Important information for employers – A recent SA Full Supreme Court clarifies Return to Work transitional provisions

13 December 2017

The South Australian Supreme Court has disallowed a regulator to exclude an injured worker from the workers’ compensation scheme via a deeming provision.

In December 2014, an employee at Allies Mills Pty Ltd broke her arm at work and had surgery to mend it. She received weekly compensation until she resumed her full-time duties two months post operation in February 2015. She had a further operation on 31 July 2015 in which she was wholly incapacitated for three weeks.

ReturnToWork SA rejected her bid for weekly payments, but a full South Australian Employment Tribunal (SAET) upheld her claim. ReturnToWork then appealed to the Supreme Court which brings us to the proceedings at hand.

The issue on appeal was an interaction between the transitional provisions in Part 10 to Schedule 9 of the Return to Work Act 2014 (SA) (The Act) and s 7(6) of the Act. In particular, whether a worker, who had an original injury compensable under the (repealed) Worker’s Rehabilitation and Compensation Act 1986 (SA), who, following the commencement of the Act (on July 1, 2015) underwent surgery as a consequence of that injury, resulting in incapacity to work, is entitled to weekly payments in respect of that incapacity.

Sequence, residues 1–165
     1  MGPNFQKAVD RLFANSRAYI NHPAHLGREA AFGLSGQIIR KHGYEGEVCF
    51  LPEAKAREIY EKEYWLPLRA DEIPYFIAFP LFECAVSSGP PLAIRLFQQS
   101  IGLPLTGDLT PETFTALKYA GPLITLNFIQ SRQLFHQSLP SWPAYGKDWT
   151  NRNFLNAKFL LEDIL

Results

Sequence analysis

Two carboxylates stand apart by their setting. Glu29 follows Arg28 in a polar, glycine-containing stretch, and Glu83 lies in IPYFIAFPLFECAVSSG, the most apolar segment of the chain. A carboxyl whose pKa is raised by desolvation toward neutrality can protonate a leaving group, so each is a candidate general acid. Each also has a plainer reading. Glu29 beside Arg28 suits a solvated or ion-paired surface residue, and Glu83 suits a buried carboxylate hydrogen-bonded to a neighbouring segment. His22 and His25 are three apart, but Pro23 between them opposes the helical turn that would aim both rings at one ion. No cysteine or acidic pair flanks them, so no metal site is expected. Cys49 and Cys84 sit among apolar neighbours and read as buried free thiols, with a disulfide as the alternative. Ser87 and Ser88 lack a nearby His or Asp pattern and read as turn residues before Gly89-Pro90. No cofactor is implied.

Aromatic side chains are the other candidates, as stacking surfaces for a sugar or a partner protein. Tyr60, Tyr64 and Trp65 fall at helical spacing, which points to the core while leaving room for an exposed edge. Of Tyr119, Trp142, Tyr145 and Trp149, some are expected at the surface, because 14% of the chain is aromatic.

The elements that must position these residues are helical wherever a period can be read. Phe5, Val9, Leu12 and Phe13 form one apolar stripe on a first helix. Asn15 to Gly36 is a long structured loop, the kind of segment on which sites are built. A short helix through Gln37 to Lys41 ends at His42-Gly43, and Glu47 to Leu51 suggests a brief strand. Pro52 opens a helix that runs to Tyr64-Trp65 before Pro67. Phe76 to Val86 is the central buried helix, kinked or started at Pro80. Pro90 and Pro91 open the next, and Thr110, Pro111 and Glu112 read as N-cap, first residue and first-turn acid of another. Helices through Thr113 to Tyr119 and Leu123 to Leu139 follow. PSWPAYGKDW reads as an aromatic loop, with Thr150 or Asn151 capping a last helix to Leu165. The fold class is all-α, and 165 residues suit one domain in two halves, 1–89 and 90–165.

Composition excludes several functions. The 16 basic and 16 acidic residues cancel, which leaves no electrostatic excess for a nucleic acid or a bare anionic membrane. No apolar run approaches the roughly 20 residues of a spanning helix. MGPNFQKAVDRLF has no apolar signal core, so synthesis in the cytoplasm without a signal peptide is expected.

The regulator argued that the SAET erred in finding that the worker’s incapacity from her August 2015 surgery was a “new” rather than “existing” injury and submitted that if any injury resulted from the surgery it was, by virtue of s 7(6) of the Act, to be taken to constitute part of the original injury because “s 7(6) provides that an injury attributable to surgery for a compensable work injury constitutes part of the original injury”. Thus, as clause 37(6) of the Transitional Provisions excludes any further entitlement to weekly payments for existing injuries, she was not to be entitled.

However, the full bench dismissed ReturnToWork’s appeal, unanimously finding that s 7(6) was in fact a deeming provision because it was not designed to determine whether the Act applied to an injury.

s 7(6) of the Act does not speak to the definitions of ‘existing’ and ‘new’ injury in the transitional provisions” said Chief Justice Kourakis, instead “the purpose of s 7(6) [of the Act] is to determine the rights and obligations relating to the payment of compensation for original work injuries in narrow and specific circumstances”.

Resultantly, Justice Tim Stanley held that that worker’s August 2015 surgical injury was a “new” injury because it was “not solely attributable to a trauma pre-dating the Act” and therefore the new Act applied and clause 37(6) did not apply, granting the worker her further entitlements.